Helpful hints and tips for better sleep during menopause

ID-10046747Menopause and sleep are often not too things you would see in the same sentence. The onset of menopause brings hot flushes, itchy skin and all manner of annoying symptoms, which can have a knock on effect for your sleeping patterns.

We have put together a list of handy hints and tips to help you get more out of your bed time routine, if you are having trouble catching those Zzz’s. There are many ways in which you can increase the length and quality of your sleep, by taking action, gently, whilst you are awake.

Here are a few that we think you may benefit from:

  • Wear loose clothing, if any, to bed, and try if you can to wear natural breathable fibers
  • Keep your room cool and well ventilated, either by leaving a small window ajar or by using a fan in your bedroom
  • Avoid certain foods such as spicy foods that may cause sweating, especially before bed
  • Maintain a regular bed time schedule to help get your body and brain in check and used to a regular bed time
  • Exercise regularly, but not right before you are due to go to slepp
  • Try to avoid naps during the day as this can stop you from sleeping well at night
  • Try calming activities before bed such as reading or listening to soothing music, this will reduce your stress levels.
  • Try not to use any electronic devices at least a couple of hours before you go to bed as this can often act as a stimulant and keep you awake
  • Avoid caffeine, although a coffee with breakfast should be OK…
  • Try having a warm (not hot!) bath before you go to bed to help you relax and ease stress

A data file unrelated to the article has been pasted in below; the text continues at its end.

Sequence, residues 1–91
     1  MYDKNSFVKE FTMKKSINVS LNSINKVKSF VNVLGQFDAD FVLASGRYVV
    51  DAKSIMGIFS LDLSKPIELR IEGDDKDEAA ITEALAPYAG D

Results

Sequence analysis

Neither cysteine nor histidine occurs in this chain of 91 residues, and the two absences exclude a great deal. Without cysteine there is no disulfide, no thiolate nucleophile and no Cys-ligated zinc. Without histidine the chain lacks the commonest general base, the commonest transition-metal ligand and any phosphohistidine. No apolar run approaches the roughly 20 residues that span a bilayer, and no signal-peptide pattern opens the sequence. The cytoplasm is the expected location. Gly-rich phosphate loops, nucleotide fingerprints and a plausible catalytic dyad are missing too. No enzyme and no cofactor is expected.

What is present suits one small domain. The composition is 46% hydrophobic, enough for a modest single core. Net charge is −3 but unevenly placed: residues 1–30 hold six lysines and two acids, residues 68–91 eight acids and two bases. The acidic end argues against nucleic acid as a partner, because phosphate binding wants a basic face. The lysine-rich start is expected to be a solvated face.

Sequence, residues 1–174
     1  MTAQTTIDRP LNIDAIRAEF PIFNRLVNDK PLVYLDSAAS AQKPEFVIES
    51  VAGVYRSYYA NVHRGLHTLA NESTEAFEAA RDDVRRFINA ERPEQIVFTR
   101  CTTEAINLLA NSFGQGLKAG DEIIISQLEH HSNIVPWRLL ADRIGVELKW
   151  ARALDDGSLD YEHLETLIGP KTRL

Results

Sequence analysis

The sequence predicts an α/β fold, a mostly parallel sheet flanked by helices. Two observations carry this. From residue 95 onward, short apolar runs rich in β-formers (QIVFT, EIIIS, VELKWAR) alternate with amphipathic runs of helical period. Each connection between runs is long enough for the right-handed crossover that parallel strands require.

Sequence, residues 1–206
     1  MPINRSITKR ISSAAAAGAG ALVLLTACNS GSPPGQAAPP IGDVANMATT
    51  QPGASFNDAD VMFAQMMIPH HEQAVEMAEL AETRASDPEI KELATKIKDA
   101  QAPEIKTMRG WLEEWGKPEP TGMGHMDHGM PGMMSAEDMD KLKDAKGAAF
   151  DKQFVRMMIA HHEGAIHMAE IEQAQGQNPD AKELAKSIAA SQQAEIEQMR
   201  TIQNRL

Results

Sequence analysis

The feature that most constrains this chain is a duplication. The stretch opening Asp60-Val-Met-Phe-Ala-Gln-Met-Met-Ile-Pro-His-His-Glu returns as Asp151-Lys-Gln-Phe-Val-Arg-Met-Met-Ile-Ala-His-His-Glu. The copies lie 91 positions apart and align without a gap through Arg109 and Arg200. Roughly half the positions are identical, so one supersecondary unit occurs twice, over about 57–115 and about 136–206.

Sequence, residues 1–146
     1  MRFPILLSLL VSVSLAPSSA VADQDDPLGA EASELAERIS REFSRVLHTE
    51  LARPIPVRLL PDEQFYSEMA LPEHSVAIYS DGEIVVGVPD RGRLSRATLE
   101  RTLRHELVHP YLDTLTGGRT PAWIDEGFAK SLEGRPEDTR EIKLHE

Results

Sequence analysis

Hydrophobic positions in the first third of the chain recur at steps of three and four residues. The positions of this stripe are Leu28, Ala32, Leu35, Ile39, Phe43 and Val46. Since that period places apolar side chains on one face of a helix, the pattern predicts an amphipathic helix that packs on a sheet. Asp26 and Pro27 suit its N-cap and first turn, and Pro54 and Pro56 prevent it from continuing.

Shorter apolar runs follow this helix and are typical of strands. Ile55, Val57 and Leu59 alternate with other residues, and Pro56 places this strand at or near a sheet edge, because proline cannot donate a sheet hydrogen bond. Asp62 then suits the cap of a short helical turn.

• Use a thinner blanket on your bed, or even a sheet instead if a blanket is too much, but you still want to feel covered and comfy.
  • Your doctor can also recommend some prescription sleep remedies if you are finding it particularly difficult to sleep, and so if the above tips do not work, it may be worth making an appointment with your GP.

There are also some diet changes you can make to help you sleep. It is often recommended that you do not eat too late, so that your body can fully digest your dinner and not cause you discomfort whilst you are trying to sleep. You should also try to avoid foods with caffeine such as coffee or chocolate flavoured desserts, too close to bed time.

Some foods that may be good to try and encourage your brain to relax:

  • Walnuts are a good source of tryptophan (an amino acid) which cause the body to release serotonin and melatonin, which improve your mood and help you relax. They also have their own natural source of melatonin, which may help you fall asleep faster, according to the University of Texas. ID-10022197
  • Contrary to popular belief, eating cheese (or any dairy) before bed can actually help you sleep as Calcium helps the brain use tryptophan (also found in dairy) to make melatonin, which will help you sleep.
  • Chamomile tea is associated with an increase in glycine, a chemical that relaxes nerves and muscles and acts like a mild sedative. A cup of this before bed will help you sleep, according to researchers.

We hope that this will assist you in achieving a deeper, more relaxed night of sleep. You can look out for more tips for coping with menopause, especially skin care , here on our blog or on the Stratum C website, where you will also find more information on our moisturising skin care products especially designed for menopause.